The point of gamejams.
I read Emma Mulqueeny's post on the point of hackdays this morning, and have A Response:
No, it's even better than that. I've attended game jams where you have to pay to cover costs. Ones held in cafes. There's no sponsor hoping you'll look at thier APIs. Half of the developers are starving students. It's always worth going - just to get together with your peers and make things. I make games for a living, and it's never as much fun as a jam. There's often no presentation at the end, no formal series of pitches to define the teams and end results. To some degree, people just sit down and start making. And similar things hold - you need to 10 to get a buzz, and 20 to make it really good. And if we pay for pizza ourselves, or if we go out to the cafe down the road, it's still as good (though, y'know, not that I'd turn down free pizza). And there's still the rush of "gotta get this done, gotta code this bit up" and there's still the glorious praying that this bit isn't full of bugs. And sometimes you get stuck on this obvious bit, arg, why are my collisions failing! and fail to complete. It's okay, it wouldn't be as good if there was a risk of failure. Sometimes too, people get even more hardcore, and have three-hour mini-jams within the main jam, and then the rush is even better (though the games are worse). And sometimes there's no theme, or there's a choice of theme, or the themes are picked at random out of a hat of suggestions. Still, you work hard to make something good to show your friends and your peers. And sure, who you meet is good, but if I went home from a jam having made no useful contacts, I could still consider it a success. And it can be a good time to learn new tools, sure (picture someone trying a new library coincidentally sat next to the author of that library), but it's also a good time to be using tools that you know inside and out (and discovering that - hey, I really can code this stuff!). And it's good to code without time to fuck around refactoring it and tidying it, and worrying about maintainability, because it just has to last til the end of the weekend, and then done! And it's not about the game you take away, though many fine games have their roots in game jams. You make a prototype, and "hey, this gameplay is fun!", and that might keep you going on it after, or it might not. It's a gift if it happens, and if it doesn't, that's fine. (I wrote this in preference to working on a port of a game I first made at a game jam.) And I'm not a fan of prizes because who doesn't deserve one?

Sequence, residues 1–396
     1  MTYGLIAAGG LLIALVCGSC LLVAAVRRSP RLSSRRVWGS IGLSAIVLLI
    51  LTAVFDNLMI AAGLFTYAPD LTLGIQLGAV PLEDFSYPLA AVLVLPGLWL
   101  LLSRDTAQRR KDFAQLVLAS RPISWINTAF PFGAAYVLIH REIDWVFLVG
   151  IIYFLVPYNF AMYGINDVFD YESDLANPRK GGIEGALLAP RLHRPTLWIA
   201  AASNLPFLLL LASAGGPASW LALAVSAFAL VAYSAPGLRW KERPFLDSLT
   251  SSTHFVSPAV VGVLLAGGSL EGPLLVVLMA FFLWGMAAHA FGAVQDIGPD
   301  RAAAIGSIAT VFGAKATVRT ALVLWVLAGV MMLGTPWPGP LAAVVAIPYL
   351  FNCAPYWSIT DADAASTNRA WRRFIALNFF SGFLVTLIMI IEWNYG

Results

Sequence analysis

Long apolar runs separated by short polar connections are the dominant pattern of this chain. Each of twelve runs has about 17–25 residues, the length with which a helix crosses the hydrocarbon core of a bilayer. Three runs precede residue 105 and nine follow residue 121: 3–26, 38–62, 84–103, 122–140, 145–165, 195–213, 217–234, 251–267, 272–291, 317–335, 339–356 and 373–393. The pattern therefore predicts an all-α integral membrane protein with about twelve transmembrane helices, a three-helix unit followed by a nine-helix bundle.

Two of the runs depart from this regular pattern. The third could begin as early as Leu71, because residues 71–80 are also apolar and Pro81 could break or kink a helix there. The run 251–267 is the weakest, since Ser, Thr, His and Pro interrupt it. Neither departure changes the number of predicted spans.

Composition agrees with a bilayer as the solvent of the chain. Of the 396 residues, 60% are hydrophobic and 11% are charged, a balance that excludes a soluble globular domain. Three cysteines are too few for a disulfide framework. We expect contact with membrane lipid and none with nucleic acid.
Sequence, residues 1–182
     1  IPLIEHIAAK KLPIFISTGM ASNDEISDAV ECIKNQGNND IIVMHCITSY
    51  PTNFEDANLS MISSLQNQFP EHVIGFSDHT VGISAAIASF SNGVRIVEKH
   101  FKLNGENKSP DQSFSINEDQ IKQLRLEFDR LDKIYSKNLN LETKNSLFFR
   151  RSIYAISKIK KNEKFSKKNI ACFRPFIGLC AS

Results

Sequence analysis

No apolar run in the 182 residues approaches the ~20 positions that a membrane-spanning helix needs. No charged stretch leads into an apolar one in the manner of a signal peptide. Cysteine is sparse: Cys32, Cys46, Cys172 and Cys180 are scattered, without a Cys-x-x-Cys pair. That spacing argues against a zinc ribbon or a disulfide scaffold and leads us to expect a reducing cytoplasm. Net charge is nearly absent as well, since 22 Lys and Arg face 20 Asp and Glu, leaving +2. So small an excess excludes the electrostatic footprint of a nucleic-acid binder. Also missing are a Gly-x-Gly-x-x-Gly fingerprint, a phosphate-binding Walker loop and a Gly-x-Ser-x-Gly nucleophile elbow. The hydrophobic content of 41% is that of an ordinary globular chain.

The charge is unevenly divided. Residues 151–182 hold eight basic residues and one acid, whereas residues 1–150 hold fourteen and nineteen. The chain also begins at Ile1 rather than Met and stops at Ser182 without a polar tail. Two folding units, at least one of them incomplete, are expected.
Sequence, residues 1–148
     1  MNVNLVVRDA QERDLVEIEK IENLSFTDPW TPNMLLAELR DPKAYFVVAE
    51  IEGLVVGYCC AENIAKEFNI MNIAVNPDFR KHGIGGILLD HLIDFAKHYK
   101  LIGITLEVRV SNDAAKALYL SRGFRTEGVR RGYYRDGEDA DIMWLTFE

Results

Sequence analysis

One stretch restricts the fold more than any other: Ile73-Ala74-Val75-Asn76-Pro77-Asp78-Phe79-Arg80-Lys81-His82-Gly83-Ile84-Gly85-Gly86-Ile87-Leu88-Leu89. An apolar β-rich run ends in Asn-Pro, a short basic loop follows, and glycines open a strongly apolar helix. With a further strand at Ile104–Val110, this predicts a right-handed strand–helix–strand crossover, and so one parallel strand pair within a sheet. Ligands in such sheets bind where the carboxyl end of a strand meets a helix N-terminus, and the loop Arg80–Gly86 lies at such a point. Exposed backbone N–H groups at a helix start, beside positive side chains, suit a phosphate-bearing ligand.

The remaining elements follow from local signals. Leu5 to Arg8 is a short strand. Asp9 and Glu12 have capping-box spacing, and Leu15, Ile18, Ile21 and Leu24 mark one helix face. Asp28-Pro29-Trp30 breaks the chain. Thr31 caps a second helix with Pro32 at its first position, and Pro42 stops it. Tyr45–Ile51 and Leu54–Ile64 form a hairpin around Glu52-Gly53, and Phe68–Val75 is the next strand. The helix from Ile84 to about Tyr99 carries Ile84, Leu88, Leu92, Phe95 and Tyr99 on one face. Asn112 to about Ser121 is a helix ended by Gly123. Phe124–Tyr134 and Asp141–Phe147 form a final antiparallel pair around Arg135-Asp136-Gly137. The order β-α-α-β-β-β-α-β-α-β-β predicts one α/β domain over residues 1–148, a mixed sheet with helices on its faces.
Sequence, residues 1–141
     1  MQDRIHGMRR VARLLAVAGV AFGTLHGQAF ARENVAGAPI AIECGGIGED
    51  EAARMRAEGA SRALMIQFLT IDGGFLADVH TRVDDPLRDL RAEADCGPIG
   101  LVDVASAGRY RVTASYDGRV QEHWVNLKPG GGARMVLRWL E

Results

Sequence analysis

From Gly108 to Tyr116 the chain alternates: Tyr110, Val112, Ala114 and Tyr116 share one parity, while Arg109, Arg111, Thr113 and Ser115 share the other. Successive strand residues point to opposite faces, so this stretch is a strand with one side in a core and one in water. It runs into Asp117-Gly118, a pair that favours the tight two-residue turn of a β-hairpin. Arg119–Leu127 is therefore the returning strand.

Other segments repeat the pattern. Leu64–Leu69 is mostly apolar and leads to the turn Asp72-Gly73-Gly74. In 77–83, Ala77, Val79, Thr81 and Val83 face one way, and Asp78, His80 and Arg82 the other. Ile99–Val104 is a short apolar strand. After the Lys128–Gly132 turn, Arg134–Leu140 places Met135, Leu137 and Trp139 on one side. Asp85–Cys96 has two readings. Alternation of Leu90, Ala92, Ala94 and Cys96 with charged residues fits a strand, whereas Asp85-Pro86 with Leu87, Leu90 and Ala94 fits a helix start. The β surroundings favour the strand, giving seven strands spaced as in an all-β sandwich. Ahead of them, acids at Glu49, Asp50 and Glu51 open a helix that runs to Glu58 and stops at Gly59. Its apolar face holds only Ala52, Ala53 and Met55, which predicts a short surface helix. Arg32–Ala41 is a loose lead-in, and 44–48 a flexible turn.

I guess, at the end of the day:
And it feels better when you're surrounded by other people doing the same, and out of the joy of the work. It feels good to break new ground. It feels good to create!
21 June 2011